The Pacific Union College Pre-Law Society hit the ground running in the new school year, hosting a forum featuring law professor Bruce Cameron and Alan Reinach, a prominent religious liberty attorney. The September 25 event was attended by over 20 students interested in a legal career.
“When you get the opportunity to ask questions of attorneys who are active, it’s just a great opportunity,” said Cynthia Westerbeck, professor of English and department chair. “When you ask, ‘What do I do to prepare for law school?’ and you get a law professor giving you the answer, that’s great.”
Reinach is the executive director of the Church-State Council, the religious liberty ministry of the Pacific Union Conference of Seventh-day Adventists, while Bruce Cameron serves as the Reed Larson Professor of Labor Law at Regent University School of Law.
The two discussed the importance of integrity in the field of law, the state of the law market, religion in the field and law school application tips. They also took questions from students, sometimes giving varying answers to student questions. “The two did not always agree on their answers,” notes Westerbeck. “It was really great to see different perspectives.”
“I enjoyed being able to listen to both lawyers talk about their philosophies and provide pointers for law school admissions,” said Giovanni Hashimoto, a sophomore journalism and American history double major with a pre-law focus who is active in the Pre-Law Society. “Both Alan Reinach and Bruce Cameron are clearly brilliant lawyers who have been involved in setting new precedent in their fields; it was great to have them even if you don’t necessarily agree with their ideologies.”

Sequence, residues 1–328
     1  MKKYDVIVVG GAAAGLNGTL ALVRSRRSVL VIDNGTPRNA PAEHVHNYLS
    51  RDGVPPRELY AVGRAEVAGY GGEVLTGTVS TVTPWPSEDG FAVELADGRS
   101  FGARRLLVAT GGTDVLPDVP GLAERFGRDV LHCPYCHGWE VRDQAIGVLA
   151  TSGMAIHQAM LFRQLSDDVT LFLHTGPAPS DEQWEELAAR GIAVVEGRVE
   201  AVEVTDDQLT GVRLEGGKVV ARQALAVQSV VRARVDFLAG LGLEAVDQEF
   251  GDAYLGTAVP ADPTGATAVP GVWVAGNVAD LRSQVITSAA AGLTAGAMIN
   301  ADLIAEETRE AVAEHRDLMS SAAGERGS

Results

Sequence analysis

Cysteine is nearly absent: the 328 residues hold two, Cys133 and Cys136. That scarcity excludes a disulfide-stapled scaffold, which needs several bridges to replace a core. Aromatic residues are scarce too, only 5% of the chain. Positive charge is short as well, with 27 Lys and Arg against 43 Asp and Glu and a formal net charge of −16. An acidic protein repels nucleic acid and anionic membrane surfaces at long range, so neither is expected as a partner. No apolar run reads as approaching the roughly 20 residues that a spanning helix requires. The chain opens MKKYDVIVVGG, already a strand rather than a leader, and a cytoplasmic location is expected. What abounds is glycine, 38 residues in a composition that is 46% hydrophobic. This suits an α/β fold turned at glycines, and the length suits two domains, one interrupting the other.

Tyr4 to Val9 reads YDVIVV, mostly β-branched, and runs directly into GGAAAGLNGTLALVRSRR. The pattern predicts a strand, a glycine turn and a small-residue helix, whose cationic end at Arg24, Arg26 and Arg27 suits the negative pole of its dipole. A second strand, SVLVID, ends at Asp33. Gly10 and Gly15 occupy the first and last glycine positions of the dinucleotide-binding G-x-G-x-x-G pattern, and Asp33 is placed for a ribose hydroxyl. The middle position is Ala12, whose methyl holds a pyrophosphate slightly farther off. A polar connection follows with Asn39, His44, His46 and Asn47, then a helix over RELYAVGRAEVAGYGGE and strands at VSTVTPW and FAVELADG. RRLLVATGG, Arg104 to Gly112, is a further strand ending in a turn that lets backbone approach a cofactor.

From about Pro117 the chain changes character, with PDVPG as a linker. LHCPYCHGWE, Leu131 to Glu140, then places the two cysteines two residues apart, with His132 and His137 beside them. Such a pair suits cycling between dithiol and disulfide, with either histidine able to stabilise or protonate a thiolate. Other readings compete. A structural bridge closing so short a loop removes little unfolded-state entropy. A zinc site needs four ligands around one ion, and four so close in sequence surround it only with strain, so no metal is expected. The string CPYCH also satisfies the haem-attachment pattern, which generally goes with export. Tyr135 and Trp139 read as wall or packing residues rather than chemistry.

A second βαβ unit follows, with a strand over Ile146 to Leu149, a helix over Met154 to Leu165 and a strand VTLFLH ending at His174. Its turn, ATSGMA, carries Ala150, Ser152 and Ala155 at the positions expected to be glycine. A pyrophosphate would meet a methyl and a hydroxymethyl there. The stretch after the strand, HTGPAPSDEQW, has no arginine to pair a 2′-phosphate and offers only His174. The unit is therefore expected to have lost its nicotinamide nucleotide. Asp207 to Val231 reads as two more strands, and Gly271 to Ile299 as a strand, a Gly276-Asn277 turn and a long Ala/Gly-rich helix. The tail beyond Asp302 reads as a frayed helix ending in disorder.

While PUC doesn’t currently have an official pre-law program, students interest in the field are advised by faculty in the departments of business, communication, English, or history. The emphasis has been seeing major growth recently; prior to the 2011-2012 school year, students on the pre-law track were directed only to the business department for academic advising.
To cater to this growing group of students, the society plans to hold at least one pre-law forum per quarter, similar to this event and Justin Kim’s appearance at PUC last year. Meanwhile, several professors have been developing classes to serve pre-law students in their departments. The department of history also began offering a degree last year for students interested in political studies, a popular field with pre-law track students.
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